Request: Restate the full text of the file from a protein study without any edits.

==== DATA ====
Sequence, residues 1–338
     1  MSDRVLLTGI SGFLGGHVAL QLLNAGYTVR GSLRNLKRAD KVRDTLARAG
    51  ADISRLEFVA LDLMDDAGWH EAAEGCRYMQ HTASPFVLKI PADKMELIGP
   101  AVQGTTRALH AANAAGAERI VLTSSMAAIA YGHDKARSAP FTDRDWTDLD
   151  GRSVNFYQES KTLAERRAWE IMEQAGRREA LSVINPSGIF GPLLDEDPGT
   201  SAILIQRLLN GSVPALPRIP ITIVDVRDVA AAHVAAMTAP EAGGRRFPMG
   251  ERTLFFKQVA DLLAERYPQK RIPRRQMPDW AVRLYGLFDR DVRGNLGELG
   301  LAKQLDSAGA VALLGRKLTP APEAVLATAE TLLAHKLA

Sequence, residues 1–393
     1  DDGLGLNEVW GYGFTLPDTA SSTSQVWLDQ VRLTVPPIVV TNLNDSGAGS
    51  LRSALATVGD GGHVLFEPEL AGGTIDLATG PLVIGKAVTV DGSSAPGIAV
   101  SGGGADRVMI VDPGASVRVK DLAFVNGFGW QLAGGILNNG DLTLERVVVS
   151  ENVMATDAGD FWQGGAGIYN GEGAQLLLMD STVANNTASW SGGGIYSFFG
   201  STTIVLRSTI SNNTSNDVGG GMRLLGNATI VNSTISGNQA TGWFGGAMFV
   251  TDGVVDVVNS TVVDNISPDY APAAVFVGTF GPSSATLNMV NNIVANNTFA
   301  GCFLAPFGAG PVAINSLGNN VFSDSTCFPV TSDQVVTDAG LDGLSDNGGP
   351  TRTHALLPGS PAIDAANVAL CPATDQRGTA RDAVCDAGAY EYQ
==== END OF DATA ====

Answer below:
Sequence, residues 1–338
     1  MSDRVLLTGI SGFLGGHVAL QLLNAGYTVR GSLRNLKRAD KVRDTLARAG
    51  ADISRLEFVA LDLMDDAGWH EAAEGCRYMQ HTASPFVLKI PADKMELIGP
   101  AVQGTTRALH AANAAGAERI VLTSSMAAIA YGHDKARSAP FTDRDWTDLD
   151  GRSVNFYQES KTLAERRAWE IMEQAGRREA LSVINPSGIF GPLLDEDPGT
   201  SAILIQRLLN GSVPALPRIP ITIVDVRDVA AAHVAAMTAP EAGGRRFPMG
   251  ERTLFFKQVA DLLAERYPQK RIPRRQMPDW AVRLYGLFDR DVRGNLGELG
   301  LAKQLDSAGA VALLGRKLTP APEAVLATAE TLLAHKLA

Sequence, residues 1–393
     1  DDGLGLNEVW GYGFTLPDTA SSTSQVWLDQ VRLTVPPIVV TNLNDSGAGS
    51  LRSALATVGD GGHVLFEPEL AGGTIDLATG PLVIGKAVTV DGSSAPGIAV
   101  SGGGADRVMI VDPGASVRVK DLAFVNGFGW QLAGGILNNG DLTLERVVVS
   151  ENVMATDAGD FWQGGAGIYN GEGAQLLLMD STVANNTASW SGGGIYSFFG
   201  STTIVLRSTI SNNTSNDVGG GMRLLGNATI VNSTISGNQA TGWFGGAMFV
   251  TDGVVDVVNS TVVDNISPDY APAAVFVGTF GPSSATLNMV NNIVANNTFA
   301  GCFLAPFGAG PVAINSLGNN VFSDSTCFPV TSDQVVTDAG LDGLSDNGGP
   351  TRTHALLPGS PAIDAANVAL CPATDQRGTA RDAVCDAGAY EYQ